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MRI: Window into the brain

By Sila Genc

Magnetic Resonance Imaging, or MRI, has revolutionized modern medicine, allowing us to see detailed structure of the human brain. PhD students Charles Malpas and Bernd Merkel discuss their research into applying MRI as a tool to investigate diseased and healthy brains to help fine tune our understanding of how the brain works.

The full text of this article can be purchased from Informit.

SILA GENC
Hello and welcome to Up Close. I’m Sila Genc, thanks for joining us.
Magnetic Resonance Imaging, or MRI, has revolutionised modern medicine, allowing us to see into the window of the human body. MRI of the brain has allowed for many different investigations of structure and function of certain regions of the brain, anywhere from visualising a stroke lesion to recognising abnormal function in epilepsy.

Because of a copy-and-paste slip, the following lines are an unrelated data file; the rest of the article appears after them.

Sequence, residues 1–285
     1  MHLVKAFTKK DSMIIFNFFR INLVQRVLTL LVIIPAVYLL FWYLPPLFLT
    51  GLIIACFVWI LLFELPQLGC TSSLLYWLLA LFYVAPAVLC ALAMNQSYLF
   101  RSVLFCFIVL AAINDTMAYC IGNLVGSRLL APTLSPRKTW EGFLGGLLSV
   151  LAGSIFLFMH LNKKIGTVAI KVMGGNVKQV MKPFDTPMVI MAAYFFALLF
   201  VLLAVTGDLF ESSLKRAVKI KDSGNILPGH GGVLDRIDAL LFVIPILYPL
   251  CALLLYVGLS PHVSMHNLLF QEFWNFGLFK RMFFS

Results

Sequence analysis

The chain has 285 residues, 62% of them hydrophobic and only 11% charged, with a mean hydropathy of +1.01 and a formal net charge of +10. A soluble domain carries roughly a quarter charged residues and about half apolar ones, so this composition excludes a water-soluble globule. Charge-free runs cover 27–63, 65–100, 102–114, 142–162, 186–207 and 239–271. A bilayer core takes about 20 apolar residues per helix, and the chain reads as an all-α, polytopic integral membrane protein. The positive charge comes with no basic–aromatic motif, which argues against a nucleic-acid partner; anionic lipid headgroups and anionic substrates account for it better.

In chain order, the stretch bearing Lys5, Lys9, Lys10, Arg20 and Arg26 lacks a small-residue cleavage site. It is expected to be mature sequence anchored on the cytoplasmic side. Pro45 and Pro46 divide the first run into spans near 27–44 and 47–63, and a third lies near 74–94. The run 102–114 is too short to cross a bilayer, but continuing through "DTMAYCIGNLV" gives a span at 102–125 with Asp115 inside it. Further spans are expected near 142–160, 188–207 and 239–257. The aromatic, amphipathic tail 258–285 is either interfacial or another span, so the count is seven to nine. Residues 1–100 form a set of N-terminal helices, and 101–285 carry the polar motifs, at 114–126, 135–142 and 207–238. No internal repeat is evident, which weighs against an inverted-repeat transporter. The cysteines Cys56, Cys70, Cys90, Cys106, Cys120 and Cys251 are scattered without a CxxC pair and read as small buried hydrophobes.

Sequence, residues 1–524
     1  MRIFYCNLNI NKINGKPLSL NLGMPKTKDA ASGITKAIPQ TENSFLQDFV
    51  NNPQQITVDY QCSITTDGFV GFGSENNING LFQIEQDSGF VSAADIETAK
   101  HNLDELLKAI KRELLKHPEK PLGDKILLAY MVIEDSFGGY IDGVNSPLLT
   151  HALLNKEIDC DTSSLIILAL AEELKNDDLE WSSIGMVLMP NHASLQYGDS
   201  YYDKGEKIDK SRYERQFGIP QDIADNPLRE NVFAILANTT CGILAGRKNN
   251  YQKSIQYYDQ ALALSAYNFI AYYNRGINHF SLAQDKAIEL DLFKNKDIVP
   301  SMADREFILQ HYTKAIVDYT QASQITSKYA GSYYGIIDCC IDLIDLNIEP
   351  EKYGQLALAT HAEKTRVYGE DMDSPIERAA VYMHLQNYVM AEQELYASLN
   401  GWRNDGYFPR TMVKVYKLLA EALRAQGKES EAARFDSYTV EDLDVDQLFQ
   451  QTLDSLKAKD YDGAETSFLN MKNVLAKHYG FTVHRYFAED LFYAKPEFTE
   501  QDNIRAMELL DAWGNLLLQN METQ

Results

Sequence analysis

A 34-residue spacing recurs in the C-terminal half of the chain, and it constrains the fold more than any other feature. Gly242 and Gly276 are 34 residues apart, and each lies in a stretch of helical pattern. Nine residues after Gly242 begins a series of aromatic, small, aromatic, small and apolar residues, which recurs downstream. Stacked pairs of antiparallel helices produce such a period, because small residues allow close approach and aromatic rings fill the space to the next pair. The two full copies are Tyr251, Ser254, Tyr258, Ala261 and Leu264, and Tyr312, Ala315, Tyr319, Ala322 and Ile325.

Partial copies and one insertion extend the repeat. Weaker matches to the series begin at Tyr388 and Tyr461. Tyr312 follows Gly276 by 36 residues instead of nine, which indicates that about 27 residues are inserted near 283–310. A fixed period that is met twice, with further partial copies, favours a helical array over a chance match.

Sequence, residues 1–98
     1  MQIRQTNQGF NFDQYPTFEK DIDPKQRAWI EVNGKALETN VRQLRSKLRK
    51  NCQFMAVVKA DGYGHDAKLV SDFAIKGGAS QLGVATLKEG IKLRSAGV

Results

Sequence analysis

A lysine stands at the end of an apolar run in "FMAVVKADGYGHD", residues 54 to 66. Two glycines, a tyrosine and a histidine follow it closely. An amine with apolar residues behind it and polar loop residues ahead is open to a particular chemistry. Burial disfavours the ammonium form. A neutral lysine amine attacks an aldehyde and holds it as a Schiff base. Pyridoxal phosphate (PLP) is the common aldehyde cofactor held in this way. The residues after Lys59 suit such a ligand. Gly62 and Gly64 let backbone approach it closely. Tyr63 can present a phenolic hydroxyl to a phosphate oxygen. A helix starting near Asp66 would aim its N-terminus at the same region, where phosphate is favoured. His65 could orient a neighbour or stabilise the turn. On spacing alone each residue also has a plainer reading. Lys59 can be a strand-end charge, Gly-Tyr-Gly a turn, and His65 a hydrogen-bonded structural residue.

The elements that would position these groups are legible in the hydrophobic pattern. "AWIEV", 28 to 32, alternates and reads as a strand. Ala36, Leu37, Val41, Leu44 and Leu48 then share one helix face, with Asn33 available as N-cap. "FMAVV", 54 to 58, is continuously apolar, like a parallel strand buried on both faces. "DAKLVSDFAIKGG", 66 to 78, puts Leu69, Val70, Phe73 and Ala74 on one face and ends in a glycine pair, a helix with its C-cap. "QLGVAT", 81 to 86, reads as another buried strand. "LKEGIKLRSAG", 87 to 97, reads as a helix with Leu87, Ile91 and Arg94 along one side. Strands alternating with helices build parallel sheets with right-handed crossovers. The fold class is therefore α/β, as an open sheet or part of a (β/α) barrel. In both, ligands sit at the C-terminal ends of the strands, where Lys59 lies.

Over the decades MRI research has answered many questions into the development of the human brain and how this can be disrupted by pathology and disease processes. But many questions still remain unanswered. Are there discrete structural and functional relationships between different parts of the brain in healthy individuals, and how does this change with ageing and cognitive impairment?
Joining us today on Up Close for our annual PhD episode are two researchers who are exploring the complexity of the brain with Magnetic Resonance Imaging techniques.
Later in the program we will be talking to Bernd Merkel about the volumetric and structural changes seen by MRI in cognitively impaired individuals and how this can be impacted by lifestyle factors. But first we are...

The full text of this article can be purchased from Informit.